Costa Concordia from Giglio - click photo for Reuters story
No one (especially mariners) can have missed the extensive news coverage the COSTA CONCORDIA sinking has generated. And the unfortunate event has become a touchstone for many issues: including mariners' conduct, passenger safety, and ship design. 

Thirty people died in the tragedy, and two more are still missing. From "Chicken of the Sea" to environmental concerns; from views from space to the public's trust of mariners (see  "COSTA CONCORDIA From Space" among other COSTA CONCORDIA stories, for background, in the Categories list on the right side of the page), it has been an iconic and arresting story. As a mariner myself, I've felt indirectly involved, and somewhat sullied, by the affair. 

Although the saga is far from over, another step has been taken toward resolution - and it appears that Costa Cruises has taken the high road in this, at least. It was announced last week that the COSTA CONCORDIA salvage contract has been awarded to Titan Salvage and Micoperi Marine  - both established and capable salvage and wreck removal operators (click the photo above to go to Reuters' story, or click here to access a similar story on MSNBC.) 

The gist of the announcement is that the wreck will be salvaged in one piece, re-floated to be towed away for demolition within Italy. The seafloor upon which she has lain since Capt. Francesco Schettino grounded her there on 13 January 2012 will be cleaned and put into condition to restore marine life. Salvage crews and equipment will be based at Civitavecchia, instead of Giglio, to lessen the impact of the operation on the tourist-dependent island. The project will take approximately a year to complete.

"As was the case with the removal of the fuel, we have sought to identify the best solution to safeguard the island and its marine environment and to protect its tourism," outgoing Costa CEO Pier Luigi Foschi said in a statement. He said that the Titan-Micoperi project was the most expensive of those proposed by, among other unsuccessful bidders, Smit and Neri. The base contract would be worth $300 million but "it could also cost more", he said. I think the additional amount for the best and most complete job will prove to be money well spent for Costa Cruises, who well and truly want to put this behind them.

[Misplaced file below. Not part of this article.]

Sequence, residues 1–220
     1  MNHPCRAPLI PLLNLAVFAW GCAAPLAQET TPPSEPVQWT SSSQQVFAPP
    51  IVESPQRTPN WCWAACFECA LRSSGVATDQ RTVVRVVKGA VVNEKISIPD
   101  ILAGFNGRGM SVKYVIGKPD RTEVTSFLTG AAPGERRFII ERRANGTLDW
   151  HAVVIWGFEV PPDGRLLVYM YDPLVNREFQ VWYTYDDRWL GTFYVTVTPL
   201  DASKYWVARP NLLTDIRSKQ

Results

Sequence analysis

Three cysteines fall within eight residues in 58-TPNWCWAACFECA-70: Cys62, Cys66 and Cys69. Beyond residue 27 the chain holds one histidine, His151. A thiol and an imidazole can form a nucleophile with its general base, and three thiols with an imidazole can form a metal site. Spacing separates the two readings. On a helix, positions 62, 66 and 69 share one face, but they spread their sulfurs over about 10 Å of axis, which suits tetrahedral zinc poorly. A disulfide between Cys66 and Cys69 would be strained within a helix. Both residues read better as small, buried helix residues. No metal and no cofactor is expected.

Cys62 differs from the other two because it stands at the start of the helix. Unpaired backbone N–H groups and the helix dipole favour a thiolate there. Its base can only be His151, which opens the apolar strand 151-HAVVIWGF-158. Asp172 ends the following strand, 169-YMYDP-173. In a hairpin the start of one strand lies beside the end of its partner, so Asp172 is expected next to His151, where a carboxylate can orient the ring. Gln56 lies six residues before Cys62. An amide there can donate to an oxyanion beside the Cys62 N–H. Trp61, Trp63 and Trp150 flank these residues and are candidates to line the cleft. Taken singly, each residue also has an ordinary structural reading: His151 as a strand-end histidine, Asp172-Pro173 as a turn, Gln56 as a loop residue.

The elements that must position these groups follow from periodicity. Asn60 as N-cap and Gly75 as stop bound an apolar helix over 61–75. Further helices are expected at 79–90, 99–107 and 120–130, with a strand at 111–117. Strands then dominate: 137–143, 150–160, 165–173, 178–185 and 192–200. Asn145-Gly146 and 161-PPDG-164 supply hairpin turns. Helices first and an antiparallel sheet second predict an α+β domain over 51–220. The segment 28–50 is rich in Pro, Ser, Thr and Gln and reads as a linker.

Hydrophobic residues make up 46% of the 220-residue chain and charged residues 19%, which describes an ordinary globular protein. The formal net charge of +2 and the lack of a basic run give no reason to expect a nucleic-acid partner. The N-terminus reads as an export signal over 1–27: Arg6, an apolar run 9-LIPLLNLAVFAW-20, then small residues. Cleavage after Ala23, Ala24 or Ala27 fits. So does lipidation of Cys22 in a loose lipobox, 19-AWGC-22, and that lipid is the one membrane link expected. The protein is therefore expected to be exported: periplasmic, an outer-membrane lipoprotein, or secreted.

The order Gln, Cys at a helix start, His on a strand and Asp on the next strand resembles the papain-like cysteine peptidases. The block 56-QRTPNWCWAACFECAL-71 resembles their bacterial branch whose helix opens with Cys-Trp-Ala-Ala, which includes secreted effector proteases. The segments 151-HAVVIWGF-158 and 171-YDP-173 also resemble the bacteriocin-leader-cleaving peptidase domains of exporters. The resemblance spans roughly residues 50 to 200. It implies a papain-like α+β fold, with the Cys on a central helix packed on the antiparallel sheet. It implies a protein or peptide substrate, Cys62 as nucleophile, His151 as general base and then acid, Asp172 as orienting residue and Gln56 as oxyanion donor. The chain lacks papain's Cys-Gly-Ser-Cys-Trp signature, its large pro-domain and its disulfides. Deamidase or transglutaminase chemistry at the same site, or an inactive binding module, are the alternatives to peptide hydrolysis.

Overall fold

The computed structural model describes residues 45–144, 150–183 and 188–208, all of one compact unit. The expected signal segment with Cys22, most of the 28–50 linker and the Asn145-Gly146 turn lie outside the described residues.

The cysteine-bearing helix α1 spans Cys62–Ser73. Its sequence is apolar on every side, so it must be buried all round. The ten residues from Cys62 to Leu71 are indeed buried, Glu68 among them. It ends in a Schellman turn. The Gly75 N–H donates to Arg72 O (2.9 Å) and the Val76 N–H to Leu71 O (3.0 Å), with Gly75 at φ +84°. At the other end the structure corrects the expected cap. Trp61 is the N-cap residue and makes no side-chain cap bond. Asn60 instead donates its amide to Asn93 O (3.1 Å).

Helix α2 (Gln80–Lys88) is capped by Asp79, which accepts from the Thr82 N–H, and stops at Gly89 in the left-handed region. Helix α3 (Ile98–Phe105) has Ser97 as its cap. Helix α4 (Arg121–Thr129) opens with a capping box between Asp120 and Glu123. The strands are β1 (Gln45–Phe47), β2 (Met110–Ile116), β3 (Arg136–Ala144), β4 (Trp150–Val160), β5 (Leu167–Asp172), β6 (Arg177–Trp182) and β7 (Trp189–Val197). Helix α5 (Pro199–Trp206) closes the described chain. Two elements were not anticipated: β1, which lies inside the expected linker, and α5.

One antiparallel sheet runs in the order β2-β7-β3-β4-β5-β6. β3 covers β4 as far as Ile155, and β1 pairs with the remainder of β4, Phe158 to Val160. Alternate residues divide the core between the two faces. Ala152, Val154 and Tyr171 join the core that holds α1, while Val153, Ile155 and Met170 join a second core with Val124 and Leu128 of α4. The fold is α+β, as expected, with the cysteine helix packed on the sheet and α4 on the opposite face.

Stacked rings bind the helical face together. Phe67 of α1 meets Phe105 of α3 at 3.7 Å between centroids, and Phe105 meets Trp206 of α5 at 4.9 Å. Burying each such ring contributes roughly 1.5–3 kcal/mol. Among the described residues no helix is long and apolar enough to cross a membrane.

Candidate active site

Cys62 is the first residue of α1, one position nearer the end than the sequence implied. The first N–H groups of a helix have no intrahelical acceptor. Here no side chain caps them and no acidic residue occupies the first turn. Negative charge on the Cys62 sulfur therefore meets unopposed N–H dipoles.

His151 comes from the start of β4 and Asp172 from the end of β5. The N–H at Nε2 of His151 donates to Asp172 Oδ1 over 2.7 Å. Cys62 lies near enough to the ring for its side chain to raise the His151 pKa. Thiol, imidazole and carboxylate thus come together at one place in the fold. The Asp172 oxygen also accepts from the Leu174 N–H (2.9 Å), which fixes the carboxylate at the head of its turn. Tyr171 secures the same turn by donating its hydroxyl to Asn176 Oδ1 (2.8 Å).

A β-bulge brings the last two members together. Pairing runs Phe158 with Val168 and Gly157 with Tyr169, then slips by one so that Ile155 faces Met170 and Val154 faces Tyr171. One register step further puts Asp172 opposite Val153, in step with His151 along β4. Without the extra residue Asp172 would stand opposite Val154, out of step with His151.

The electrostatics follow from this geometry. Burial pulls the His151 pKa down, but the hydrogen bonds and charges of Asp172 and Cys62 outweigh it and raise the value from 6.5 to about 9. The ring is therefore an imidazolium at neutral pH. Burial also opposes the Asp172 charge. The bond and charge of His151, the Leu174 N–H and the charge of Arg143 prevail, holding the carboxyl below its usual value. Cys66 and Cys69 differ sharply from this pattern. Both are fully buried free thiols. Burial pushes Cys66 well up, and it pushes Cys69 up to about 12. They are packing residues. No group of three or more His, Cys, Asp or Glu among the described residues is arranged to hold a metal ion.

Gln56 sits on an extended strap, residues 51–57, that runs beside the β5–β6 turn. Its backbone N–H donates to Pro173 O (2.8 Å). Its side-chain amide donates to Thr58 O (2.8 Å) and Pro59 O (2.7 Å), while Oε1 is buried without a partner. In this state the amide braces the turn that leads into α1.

I noted above that the tragedy has become a touchstone for several maritime issues, and obviously one of them - in view of the fatalities in this incident - is passenger safety. In spite of the well-developed cruise industry's apparent focus on passenger safety, there were glaring shortcomings in the COSTA CONCORDIA case. 

At the time of the accident no lifeboat drills had yet been held, which conformed to the legal requirement that drills should be held within 24 hours of sailing - but that was exposed as sadly lacking in this case. And the paralysis on the bridge after contacting the rock - during which passengers were ordered back to their cabins as the ship took water - contributed to the confusing, disorderly evacuation, and may have added to the loss of life. Challenges posed in evacuating today's larger cruise ships, with their many thousands of passengers, were brought dramatically to life.

In March the IMO featured this release on its website, highlighting passenger deaths in several accidents, including COSTA CONCORDIA, MV RABAUL QUEEN, & SHARIATPUR-1, and stating IMO's commitment to passenger safety. 

And on 24 April, EU Transport Commissioner Siim Kallas delivered a keynote speech at a passenger safety conference in Brussels, setting out a three-pronged approach to addressing passenger safety: 1) promoting industry voluntary measures; 2) intensifying enforcement and implementation; and 3) regulatory measures. (See the Safety4Sea website for a good analysis of the speech and its implications.) 

Just as an aside: it seems that for the media in general, deaths on a cruise ship in the First World seem to count a good bit more than deaths on a ferry in the Third World. I applaud Siim Kallas' observation: "The ultimate aim must be that wherever a passenger boards a passenger ship in the world, safety should be at the highest possible level. Passengers should expect the same safety level standards whether they are crossing for example the Baltic Sea, or sailing on an island daytrip in Asian waters." Amen.

Are you involved in the industry response to these incidents? Have you been a passenger recently? How do you see this issue - Please comment and let us know!

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